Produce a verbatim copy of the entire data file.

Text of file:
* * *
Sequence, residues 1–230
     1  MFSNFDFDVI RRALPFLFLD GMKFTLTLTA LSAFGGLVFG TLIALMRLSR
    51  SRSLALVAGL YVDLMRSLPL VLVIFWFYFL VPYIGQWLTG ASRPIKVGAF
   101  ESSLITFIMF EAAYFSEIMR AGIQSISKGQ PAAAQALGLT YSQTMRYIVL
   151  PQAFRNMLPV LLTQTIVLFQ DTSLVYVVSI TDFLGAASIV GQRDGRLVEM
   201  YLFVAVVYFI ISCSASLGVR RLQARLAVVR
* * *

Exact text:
Sequence, residues 1–230
     1  MFSNFDFDVI RRALPFLFLD GMKFTLTLTA LSAFGGLVFG TLIALMRLSR
    51  SRSLALVAGL YVDLMRSLPL VLVIFWFYFL VPYIGQWLTG ASRPIKVGAF
   101  ESSLITFIMF EAAYFSEIMR AGIQSISKGQ PAAAQALGLT YSQTMRYIVL
   151  PQAFRNMLPV LLTQTIVLFQ DTSLVYVVSI TDFLGAASIV GQRDGRLVEM
   201  YLFVAVVYFI ISCSASLGVR RLQARLAVVR